[Show abstract][Hide abstract] ABSTRACT: Purpose:
This study was designed to investigate the correlation between the clinicopathologic characteristics and the recurrence pattern of gastric cancer and to define survival difference according to treatment modality after diagnosis of recurrence.
Materials and methods:
We retrospectively reviewed the medical records of 4184 patients who had undergone radical surgery for primary gastric cancer from 1986 through 1996. Clinicopathologic factors were analyzed for the relationship of each factor with the pattern of recurrence. And the survival after diagnosis of recurrence was compared among the treatment modalities.
Recurrence pattern was confirmed in 1141 patients. Loco-regional recurrence occurred in 291 patients (20.1%), peritoneal recurrence in 383 (26.5%), distant recurrence in 290 (20.1%), and mixed recurrence in 177 (12.3%), respectively. Early recurrence (less than 2 years) occurred in 767 (69.3%), intermediate recurrence (2~5 years) in 286 (25.8%), and late recurrence (more than 5 years) in 54 (4.9%). In multivariate analysis, T stage, N stage, size of tumor and perineural invasion were independent prognostic factors for recurrence. Median survival from diagnosis of recurrence was 24.2 months in the curative operation group, 7.7 months in the chemotherapy group, 7.1 months in the non-curative operation group and 3.3 months in the conservative treatment group, respectively (p=0.000).
The clinicopathological analysis of recurrent gastric cancer showed recurrent patterns and prognostic factors. Curative resection is suggested to have survival benefit in recurrent gastric cancer patients, although it was possible in patients with limited extent of disease.
Preview · Article · Dec 2015 · Cancer Research and Treatment
[Show abstract][Hide abstract] ABSTRACT: Background:
Controversy surrounds adjuvant chemotherapy (CTx) for T3N0M0 and T1N2M0 in the American Joint Committee on Cancer (AJCC) 7th edition stage IIA gastric cancer patients. The purpose of this study was to evaluate the benefit of adjuvant CTx for stage IIA cancer, including T3N0M0 and T1N2M0.
A total of 630 patients with stage IIA cancer who underwent a radical gastrectomy between January 1999 and December 2009 at Seoul National University Hospital were retrospectively analyzed. We compared the outcomes of 434 patients who did not receive CTx (the non-CTx group) with those of 196 patients who received CTx comprising of 5-fluorouracil-based regimens (the CTx group).
The 5-year overall survival (OS) rates of the non-CTx and CTx groups were 86.4 and 89.3 %, respectively (p = 0.047). In the subgroup analysis of T2N1M0 (6th II/7th IIA), there was a significant difference in OS between the non-CTx and CTx groups (p = 0.003), but no differences were observed in T3N0M0 and T1N2M0 (6th IB/7th IIA) (p = 0.574 and p = 0.934). The multivariate analysis showed that a tumor size greater than 5 cm in T3N0M0 [odds ratio (OR) 1.929; p = 0.030], no adjuvant CTx in T2N1M0 (OR 4.853; p = 0.025), and no factors in T1N2M0 were found to be risk factors for recurrence-free survival.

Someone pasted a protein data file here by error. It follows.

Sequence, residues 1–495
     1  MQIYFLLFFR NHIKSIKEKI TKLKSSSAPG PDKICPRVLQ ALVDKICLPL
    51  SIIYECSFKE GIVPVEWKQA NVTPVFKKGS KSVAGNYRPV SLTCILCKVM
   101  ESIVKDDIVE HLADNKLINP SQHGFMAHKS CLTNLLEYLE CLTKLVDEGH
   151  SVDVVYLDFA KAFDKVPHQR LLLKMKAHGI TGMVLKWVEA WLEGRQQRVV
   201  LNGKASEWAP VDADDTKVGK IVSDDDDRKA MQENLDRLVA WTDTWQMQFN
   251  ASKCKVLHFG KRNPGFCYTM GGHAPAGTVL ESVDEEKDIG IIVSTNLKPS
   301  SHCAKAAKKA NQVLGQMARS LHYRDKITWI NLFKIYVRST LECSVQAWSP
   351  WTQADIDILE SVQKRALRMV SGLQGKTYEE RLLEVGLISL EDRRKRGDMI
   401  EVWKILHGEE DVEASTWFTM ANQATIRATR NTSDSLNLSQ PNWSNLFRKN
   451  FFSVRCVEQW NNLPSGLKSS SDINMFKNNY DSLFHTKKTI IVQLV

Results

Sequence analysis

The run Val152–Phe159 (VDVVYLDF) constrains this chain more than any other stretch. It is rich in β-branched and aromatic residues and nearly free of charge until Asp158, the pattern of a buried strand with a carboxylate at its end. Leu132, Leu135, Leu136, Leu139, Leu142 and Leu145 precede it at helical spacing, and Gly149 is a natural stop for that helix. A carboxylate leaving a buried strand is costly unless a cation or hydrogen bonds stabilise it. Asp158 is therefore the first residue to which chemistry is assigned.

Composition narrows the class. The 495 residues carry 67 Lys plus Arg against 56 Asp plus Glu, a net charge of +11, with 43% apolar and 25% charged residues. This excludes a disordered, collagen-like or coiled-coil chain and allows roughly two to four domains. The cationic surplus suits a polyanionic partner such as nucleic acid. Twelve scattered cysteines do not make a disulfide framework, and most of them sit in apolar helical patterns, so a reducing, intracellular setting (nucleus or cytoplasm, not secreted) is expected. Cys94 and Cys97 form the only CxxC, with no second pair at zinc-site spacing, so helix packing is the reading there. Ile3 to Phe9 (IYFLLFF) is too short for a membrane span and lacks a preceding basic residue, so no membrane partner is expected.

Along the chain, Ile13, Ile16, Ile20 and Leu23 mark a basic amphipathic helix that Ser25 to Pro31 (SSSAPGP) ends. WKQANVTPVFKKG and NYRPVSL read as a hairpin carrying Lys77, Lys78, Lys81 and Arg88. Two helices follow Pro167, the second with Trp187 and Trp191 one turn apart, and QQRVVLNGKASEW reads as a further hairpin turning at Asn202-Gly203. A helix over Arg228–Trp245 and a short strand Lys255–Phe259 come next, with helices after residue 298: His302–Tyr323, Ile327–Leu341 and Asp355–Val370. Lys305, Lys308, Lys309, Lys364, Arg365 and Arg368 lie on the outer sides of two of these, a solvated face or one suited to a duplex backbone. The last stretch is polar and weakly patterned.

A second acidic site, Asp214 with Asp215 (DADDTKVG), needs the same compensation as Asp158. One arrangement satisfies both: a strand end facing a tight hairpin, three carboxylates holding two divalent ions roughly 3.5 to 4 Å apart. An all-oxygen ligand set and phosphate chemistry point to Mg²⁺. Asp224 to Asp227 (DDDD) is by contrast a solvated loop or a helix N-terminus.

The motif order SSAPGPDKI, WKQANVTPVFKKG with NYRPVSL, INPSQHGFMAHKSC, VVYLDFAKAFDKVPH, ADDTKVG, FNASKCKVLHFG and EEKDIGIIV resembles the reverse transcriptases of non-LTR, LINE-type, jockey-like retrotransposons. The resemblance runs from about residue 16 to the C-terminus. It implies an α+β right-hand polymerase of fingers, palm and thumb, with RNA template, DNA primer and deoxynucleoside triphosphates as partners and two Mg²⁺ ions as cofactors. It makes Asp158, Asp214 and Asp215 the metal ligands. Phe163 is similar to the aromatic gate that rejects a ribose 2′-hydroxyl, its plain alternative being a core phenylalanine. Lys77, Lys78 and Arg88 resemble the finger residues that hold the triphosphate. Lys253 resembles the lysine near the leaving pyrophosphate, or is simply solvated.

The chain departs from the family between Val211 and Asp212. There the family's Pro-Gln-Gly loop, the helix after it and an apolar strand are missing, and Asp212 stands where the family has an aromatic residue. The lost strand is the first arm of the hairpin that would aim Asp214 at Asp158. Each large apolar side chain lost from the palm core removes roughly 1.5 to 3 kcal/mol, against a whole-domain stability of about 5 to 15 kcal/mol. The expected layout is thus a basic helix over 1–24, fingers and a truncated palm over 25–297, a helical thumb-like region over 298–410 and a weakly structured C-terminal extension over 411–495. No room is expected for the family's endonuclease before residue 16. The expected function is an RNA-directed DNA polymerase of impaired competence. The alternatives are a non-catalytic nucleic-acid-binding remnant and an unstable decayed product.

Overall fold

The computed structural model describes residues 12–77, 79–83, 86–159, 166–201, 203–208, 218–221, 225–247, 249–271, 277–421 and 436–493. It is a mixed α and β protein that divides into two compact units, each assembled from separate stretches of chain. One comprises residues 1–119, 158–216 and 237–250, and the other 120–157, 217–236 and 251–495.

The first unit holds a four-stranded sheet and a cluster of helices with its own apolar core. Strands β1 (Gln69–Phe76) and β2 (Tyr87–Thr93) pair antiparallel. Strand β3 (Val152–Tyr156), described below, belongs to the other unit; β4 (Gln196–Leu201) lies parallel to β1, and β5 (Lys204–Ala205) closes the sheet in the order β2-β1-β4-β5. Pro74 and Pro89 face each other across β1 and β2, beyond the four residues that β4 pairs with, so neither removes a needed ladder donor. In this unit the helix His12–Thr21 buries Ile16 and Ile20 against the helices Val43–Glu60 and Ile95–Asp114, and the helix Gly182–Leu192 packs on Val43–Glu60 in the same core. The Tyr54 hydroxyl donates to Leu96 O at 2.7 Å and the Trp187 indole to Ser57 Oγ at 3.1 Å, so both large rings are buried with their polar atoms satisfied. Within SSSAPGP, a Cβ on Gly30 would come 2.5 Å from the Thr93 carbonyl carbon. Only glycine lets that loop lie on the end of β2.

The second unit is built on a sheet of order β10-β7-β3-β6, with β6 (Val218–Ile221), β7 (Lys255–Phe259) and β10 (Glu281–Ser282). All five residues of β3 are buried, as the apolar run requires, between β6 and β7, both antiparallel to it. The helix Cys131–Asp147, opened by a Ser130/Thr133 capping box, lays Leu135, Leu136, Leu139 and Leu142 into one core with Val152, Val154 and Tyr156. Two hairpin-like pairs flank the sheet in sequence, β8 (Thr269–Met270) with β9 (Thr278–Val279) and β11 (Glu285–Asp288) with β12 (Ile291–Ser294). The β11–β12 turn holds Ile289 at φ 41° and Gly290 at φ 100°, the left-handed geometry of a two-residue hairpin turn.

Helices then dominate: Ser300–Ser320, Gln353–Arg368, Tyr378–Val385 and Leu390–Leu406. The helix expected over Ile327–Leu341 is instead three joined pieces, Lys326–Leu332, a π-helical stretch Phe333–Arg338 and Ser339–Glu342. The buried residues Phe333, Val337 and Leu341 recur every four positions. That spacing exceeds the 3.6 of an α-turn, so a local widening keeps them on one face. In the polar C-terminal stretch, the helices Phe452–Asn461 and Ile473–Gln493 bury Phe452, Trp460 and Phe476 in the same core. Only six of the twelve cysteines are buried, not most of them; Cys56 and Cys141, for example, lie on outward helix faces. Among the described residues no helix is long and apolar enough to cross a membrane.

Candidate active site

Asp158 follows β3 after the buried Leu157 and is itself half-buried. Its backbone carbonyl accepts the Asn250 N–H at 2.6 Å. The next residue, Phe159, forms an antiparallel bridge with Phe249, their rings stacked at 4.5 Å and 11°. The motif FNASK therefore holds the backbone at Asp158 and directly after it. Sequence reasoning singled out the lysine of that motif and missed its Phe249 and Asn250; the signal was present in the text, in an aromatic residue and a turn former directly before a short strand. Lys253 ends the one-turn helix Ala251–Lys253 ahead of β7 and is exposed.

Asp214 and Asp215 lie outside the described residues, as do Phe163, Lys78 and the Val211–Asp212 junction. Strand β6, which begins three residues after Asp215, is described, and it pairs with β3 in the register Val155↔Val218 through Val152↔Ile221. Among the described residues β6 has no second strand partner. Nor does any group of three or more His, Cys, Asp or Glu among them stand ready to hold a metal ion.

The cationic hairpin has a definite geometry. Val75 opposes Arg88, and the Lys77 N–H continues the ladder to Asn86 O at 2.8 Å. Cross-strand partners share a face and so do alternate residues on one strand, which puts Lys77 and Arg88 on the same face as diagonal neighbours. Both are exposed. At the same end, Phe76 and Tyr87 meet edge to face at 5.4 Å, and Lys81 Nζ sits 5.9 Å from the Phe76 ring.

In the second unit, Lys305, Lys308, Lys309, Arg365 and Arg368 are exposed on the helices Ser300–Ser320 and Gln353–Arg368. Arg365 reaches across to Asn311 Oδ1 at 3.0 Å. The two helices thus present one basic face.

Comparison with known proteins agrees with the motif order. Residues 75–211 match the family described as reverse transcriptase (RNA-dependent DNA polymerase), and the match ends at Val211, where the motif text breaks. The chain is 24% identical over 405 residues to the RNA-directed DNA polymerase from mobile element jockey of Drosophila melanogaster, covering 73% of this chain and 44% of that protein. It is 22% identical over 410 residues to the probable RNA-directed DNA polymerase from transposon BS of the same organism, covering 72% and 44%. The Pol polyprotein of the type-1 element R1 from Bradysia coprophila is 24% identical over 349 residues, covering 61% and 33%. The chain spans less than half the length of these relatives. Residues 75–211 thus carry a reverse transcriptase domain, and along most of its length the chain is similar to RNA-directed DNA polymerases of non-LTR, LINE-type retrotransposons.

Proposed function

Adjuvant CTx may be associated with an improved outcome of patients with T2N1M0 (6th II/7th IIA), but not T3N0M0 or T1N2M0 (6th IB/7th IIA), gastric cancer. To confirm these results, further studies are needed.
No preview · Article · Nov 2015 · Annals of Surgical Oncology
[Show abstract][Hide abstract] ABSTRACT: The main cause of death for colorectal cancer (CRC) patients is the development of metastatic lesions at sites distant from the primary tumor. Therefore, it is important to find biomarkers that are related to the metastasis and to study the possible mechanisms. Recent data have shown that soluble attractant molecules called chemokines support the metastasis of certain cancers to certain organs. To identify molecular regulators that are differentially expressed in liver metastasis of CRC, PCR array analysis was performed and CC chemokine ligand 7 (CCL7) showed remarkable overexpression in liver metastatic tumor tissues. To validate the results of the PCR array, 30 patients with primary CRC and liver metastases were selected. Immunohistochemistry and real-time PCR analysis showed that CCL7 was expressed in normal colonic epithelium and the expression was higher in liver metastases compared to primary CRC (p<0.001). Real-time PCR showed that the expression of CCR1, CCR2 and CCR3 was also higher in liver metastases compared to primary CRC (p=0.001, p=0.033 and p<0.001, respectively). In conclusion, correlation of CCL7 overexpression and its receptor expression with colon cancer liver metastasis suggests that CCL7 as a novel target in liver metastasis of CRC may be of potential clinical value for the prevention of hepatic recurrences.
[Show abstract][Hide abstract] ABSTRACT: The aim of this study was to evaluate the adequacy of esophageal classification for adenocarcinoma of the esophagogastric junction (AEJ) of the seventh American Joint Committee on Cancer (AJCC) TNM classification.
The seventh AJCC TNM classification proposed the new classification for AEJ as a part of esophageal cancer depending on the esophagogastric junction (EGJ) involvement. However, there are still many controversies over the classification system for AEJ.
A review of pathologic reports and photographic findings at Seoul National University Hospital from 2003 to 2009 identified 4524 patients with single, primary adenocarcinoma of the EGJ (n = 497) and other regions of the stomach (GC, n = 4027) who underwent an operation with curative intent. We analyzed the clinicopathologic features and postoperative prognosis of AEJ using the Siewert classification and the seventh AJCC TNM classification.